BRUNSWICK — The words “commute” and “fun” typically don’t go together.
But on Friday, May 18, commuters who chose to ride their bikes to work were rewarded with free breakfast, bike repairs, information – and lots of cowbell.
From 7-9 a.m., the Brunswick Bicycle and Pedestrian Advisory Committee hosted a Bike to Work Day event on the Town Mall in honor of the League of American Bicyclists’ National Bike to Work Day.
According to the organization’s website, May is National Bike Month, and the week of May 14-18 was National Bike Week, ending with the commuter-themed festivities.
“We just wanted to do something to celebrate people who bike to work here in Brunswick,” said Victor Langelo, ride director for the Brunswick-based bicycle club Merrymeeting Wheelers.
“It’s done all over the country and many places in the state too, so we just thought we’d start something here – we haven’t done this for years,” he added.
Riders on their way to work Friday could stop by a table stocked with fresh fruit, bagels, pastries, stickers, and informational material, as well as get any necessary bike tune-ups courtesy of Lee Huston, owner of Center Street Cycles.
Alicia Heyburn, Brunswick’s “community spoke” for the Bicycle Coalition of Maine and one of the event organizers, said about 20 riders stopped by.
For each rider that came by the station, Heyburn rang one of two cowbells enthusiastically. She said May 18 was also “bike to school” day in Brunswick, but her group was positioned to be near the “maximum traffic headed downtown,” which meant it was not as well suited for students biking to school.
One rider that stopped by was Andrew Lardie, who arrived on a tandem bike with his daughter Nora Boyle-Lardie riding in back and her sister Beatrice Boyle-Lardie positioned in a seat in front.
All three seemed happy to be there, but Lardie noted Nora typically likes to ride her own bike.
“She’s a great rider and hates being on the attachment bike,” he said.
Emily Swan, who rode her bike while wearing a dress, said she prefers the term “bike rider” to describe herself.
“These guys, (referring to Langelo, Heyburn, and others), are the cyclists,” she said. “I think of myself, as you can see by my clothes, as a bike rider.”
Swan added she considers herself “a person who uses a bike for practical purposes,” like doing errands around town.
“I do my errands on my bike, and especially in the summer and on Fridays when the traffic is so bad, (I’ll do) anything to avoid getting in the car,” she said. “I find it the best way to do errands, because doing errands in the car is just so endlessly infuriating and frustrating … doing errands on a bike makes it a lot more pleasant and efficient.”
Rob Mueller, event manager for the Bicycle Coalition of Maine, was also present at the event, and pointed out some other benefits to riding a bike instead of driving in a car.
“You’re outside and you’re human-powered,” he said. “It’s great to see people out on bikes. Most trips that people take in cars are under 2 miles; that’s like over 50 percent of the trips you take annually.”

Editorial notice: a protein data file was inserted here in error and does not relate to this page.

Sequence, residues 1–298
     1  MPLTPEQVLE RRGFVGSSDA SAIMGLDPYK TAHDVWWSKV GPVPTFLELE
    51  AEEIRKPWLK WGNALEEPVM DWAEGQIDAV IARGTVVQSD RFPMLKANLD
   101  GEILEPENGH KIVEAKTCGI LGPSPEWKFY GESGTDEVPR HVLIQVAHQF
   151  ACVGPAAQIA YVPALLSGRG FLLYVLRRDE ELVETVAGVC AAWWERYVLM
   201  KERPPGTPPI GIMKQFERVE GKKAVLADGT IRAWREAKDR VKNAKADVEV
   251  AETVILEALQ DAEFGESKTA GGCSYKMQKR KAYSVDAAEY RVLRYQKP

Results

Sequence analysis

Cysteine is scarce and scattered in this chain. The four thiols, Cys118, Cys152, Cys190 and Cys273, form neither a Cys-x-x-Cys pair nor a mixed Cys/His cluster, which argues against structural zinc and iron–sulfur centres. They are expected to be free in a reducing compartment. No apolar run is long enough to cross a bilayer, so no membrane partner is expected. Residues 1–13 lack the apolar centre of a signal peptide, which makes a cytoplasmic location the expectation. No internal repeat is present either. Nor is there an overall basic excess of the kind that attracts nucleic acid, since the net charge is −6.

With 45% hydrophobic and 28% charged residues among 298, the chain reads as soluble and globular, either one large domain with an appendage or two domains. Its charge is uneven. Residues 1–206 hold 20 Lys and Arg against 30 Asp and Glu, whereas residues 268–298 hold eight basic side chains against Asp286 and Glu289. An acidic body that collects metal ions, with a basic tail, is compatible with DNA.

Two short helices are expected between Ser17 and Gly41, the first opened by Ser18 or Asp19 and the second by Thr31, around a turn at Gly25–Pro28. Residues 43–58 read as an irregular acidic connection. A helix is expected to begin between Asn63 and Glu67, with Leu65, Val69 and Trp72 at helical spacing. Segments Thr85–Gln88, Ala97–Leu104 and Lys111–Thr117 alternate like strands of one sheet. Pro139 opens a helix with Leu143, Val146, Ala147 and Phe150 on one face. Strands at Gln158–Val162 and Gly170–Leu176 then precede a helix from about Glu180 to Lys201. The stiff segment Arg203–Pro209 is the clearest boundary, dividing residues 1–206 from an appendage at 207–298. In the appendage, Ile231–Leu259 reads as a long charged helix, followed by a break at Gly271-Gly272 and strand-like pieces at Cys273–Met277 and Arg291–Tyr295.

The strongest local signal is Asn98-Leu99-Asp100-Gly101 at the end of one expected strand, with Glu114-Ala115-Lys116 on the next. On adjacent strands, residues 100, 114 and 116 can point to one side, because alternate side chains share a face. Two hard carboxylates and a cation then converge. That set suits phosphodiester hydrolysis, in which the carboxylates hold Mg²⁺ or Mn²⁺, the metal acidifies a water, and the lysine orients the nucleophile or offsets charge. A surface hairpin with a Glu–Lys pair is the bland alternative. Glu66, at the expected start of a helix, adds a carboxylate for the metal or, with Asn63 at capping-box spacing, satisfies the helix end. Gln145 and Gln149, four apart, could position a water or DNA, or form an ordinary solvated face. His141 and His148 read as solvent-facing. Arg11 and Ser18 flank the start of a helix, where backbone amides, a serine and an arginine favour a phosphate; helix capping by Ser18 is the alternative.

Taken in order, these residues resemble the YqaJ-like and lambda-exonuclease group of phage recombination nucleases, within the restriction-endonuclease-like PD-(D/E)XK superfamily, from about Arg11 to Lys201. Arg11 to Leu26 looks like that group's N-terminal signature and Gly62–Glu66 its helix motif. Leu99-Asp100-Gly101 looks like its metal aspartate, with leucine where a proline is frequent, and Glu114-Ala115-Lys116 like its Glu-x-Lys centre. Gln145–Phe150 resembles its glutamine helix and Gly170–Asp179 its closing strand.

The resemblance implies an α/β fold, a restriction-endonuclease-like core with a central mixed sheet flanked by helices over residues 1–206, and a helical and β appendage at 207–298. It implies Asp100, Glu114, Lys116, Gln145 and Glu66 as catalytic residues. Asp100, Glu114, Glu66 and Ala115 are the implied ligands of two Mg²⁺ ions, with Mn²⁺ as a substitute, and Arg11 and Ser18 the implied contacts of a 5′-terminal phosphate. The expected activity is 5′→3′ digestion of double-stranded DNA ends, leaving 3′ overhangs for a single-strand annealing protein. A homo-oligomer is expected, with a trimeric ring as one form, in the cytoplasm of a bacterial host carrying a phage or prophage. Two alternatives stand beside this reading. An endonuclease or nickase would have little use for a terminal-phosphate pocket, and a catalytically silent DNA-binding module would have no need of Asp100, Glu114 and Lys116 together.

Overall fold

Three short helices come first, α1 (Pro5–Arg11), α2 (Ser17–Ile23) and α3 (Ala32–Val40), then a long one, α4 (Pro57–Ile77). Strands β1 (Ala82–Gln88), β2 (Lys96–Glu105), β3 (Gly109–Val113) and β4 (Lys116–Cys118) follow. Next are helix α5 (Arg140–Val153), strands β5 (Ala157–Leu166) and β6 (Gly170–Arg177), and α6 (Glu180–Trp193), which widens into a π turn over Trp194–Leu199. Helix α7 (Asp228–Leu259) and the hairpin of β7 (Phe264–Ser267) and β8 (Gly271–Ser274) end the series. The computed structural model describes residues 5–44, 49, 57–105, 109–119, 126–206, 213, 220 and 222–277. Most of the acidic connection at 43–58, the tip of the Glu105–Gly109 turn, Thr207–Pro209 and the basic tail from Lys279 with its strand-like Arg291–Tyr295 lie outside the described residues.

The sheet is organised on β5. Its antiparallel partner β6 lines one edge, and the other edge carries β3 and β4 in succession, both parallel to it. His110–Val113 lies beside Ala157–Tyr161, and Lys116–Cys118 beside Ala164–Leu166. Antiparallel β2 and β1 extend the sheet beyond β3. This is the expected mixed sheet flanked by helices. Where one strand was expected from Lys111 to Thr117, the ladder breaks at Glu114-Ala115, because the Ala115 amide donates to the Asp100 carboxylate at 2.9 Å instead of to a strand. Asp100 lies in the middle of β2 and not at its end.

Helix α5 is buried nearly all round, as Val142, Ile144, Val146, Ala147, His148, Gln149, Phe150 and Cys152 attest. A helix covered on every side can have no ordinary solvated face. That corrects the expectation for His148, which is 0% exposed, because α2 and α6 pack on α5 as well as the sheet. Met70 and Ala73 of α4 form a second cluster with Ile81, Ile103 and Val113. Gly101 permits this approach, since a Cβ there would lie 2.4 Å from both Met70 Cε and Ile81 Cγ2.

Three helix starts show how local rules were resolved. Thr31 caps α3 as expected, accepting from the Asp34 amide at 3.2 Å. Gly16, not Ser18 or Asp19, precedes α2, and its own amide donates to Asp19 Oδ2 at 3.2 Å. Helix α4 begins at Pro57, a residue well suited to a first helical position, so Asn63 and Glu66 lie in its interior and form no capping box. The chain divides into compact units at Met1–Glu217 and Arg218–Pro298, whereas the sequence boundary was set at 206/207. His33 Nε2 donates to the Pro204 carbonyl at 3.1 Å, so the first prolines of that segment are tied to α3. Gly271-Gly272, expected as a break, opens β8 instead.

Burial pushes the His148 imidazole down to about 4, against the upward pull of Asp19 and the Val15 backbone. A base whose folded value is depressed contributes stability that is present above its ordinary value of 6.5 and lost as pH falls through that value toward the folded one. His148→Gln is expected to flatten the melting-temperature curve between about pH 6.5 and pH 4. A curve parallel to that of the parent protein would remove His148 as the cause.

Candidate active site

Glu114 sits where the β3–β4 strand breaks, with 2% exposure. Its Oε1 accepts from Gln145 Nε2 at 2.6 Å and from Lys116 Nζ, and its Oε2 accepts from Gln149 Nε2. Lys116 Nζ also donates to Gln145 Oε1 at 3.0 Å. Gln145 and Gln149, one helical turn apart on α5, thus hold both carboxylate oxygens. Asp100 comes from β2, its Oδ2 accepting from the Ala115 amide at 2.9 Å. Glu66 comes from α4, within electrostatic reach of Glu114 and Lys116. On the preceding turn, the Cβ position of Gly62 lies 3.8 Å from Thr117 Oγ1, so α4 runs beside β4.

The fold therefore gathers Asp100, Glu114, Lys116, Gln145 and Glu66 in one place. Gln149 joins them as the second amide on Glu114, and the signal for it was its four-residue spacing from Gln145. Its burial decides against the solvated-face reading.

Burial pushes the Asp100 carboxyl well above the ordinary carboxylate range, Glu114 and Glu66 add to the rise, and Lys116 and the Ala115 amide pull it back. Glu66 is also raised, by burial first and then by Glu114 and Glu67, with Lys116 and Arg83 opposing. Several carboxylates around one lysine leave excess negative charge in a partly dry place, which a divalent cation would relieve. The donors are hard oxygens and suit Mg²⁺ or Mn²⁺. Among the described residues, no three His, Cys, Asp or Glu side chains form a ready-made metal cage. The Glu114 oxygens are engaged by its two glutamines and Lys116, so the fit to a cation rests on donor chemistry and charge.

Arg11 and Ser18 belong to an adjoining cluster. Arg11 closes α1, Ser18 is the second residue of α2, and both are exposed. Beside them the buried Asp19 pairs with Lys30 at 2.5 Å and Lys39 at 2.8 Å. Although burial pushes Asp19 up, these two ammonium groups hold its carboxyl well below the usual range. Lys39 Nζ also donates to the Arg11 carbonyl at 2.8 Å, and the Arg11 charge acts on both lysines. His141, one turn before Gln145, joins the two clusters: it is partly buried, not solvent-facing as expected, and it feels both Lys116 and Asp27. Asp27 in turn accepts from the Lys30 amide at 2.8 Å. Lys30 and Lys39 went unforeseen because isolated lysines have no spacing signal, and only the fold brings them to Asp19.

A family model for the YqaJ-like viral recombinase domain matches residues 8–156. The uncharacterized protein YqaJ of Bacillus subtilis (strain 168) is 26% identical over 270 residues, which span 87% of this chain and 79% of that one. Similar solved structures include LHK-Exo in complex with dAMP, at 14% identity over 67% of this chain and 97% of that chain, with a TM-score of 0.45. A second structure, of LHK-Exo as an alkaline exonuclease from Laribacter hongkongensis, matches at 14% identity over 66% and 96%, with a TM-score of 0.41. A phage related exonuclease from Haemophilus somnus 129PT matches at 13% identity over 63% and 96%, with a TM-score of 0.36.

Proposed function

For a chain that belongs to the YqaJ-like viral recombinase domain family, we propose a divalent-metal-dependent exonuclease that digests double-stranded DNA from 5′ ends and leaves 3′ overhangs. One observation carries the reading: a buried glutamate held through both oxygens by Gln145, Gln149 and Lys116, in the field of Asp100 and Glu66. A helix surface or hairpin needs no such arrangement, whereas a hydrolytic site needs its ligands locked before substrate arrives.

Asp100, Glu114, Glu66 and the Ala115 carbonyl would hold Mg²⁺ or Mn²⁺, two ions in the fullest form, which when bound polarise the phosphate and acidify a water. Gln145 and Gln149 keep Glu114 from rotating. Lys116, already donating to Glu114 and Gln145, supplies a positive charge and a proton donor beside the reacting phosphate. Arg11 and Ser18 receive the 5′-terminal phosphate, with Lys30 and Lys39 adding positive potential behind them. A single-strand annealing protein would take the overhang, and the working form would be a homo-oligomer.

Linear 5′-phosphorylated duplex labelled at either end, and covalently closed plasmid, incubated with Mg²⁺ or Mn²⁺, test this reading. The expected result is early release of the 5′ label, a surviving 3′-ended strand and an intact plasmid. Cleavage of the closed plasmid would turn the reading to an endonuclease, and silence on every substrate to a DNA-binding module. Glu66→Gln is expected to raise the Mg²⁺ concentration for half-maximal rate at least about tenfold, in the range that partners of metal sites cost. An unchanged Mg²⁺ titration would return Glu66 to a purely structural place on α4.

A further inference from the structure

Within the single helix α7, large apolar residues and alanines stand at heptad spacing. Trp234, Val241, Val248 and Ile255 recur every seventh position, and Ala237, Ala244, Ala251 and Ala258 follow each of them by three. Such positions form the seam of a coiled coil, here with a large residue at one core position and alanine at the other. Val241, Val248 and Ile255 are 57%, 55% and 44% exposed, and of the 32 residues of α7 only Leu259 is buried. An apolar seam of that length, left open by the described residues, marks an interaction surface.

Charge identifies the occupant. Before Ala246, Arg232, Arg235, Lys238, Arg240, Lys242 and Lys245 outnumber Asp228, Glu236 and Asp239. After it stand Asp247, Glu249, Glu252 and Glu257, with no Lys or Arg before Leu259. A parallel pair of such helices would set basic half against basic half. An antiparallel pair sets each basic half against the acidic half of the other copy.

Replacing those car trips with riding a bicycle, he added, is good for many reasons.
“You’re getting exercise, you’d be getting outside, you’d be reducing carbon emissions; there’s all kind of benefits to doing it,” he said.
Mueller also talked about Brunswick’s history of promoting bicycling, which includes becoming Maine’s first nationally recognized Bicycle Friendly Community by the League of American Bicyclists in 2005.
Bike to Work Day wasn’t the only bike-related event to be held in Brunswick this month.
On May 19, the annual Brunswick Bike Rodeo Family Safety Day was held at the Brunswick Walmart on Bath Road. On May 15 at Bowdoin College, officials from Trek Across Maine and the American Lung Association announced that beginning in June 2019, the annual bike ride will follow a new course beginning and ending at Brunswick Landing.
Huston, who was on hand at the event with a special cargo bike designed to carry his bike repair supplies, said his store typically supports some of the local bike events, such as the bike rodeo, where a representative usually does safety checks on kids’ bikes.
When asked what sparked his interest in cycling, Huston said he’s “always ridden,” but also answered the question with a question.
“I’ve pretty much always ridden both (on the road) and in the woods; these days I ride more in the woods and less on roads,” he said. “Who could not love biking?”
Cyclists who participated in Bike to Work Day in Brunswick included commuter Kris Haralson, left, Lee Huston of Center Street Cycles, Victor Langelo of Merrymeeting Wheelers Bike Club, Bicycle and Pedestrian Advisory Committee Chairman Bill Wilkoff, Alicia Heyburn of the Bicycle Coalition of Maine, and Heyburn’s husband, Henry Heyburn.
Andrew Lardie, a Brunswick commuter who attended Bike to Work Day, with his daughters Nora Boyle-Lardie, right, and Beatrice Boyle-Lardie.
Cyclists who rolled up for Bike to Work Day were treated to a free breakfast, bike repairs and bicycle-related information.
Lee Huston, owner of Center Street Cycles, on his cargo bike, which carries his bike repair supplies. Huston performed free minor repairs for commuters on Bike to Work Day on May 18.